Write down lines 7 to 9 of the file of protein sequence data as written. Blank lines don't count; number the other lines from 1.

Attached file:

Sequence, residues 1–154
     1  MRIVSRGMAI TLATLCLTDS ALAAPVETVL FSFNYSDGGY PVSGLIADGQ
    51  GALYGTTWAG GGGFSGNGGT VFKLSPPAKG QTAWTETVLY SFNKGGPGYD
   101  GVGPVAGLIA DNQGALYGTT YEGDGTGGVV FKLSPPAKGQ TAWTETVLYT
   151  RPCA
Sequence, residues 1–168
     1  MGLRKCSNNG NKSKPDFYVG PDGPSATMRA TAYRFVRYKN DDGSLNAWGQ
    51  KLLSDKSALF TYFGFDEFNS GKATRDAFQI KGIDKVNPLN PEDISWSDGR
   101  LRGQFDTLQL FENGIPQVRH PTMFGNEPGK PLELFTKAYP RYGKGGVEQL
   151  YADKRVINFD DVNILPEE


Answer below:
     1  MGLRKCSNNG NKSKPDFYVG PDGPSATMRA TAYRFVRYKN DDGSLNAWGQ
    51  KLLSDKSALF TYFGFDEFNS GKATRDAFQI KGIDKVNPLN PEDISWSDGR
   101  LRGQFDTLQL FENGIPQVRH PTMFGNEPGK PLELFTKAYP RYGKGGVEQL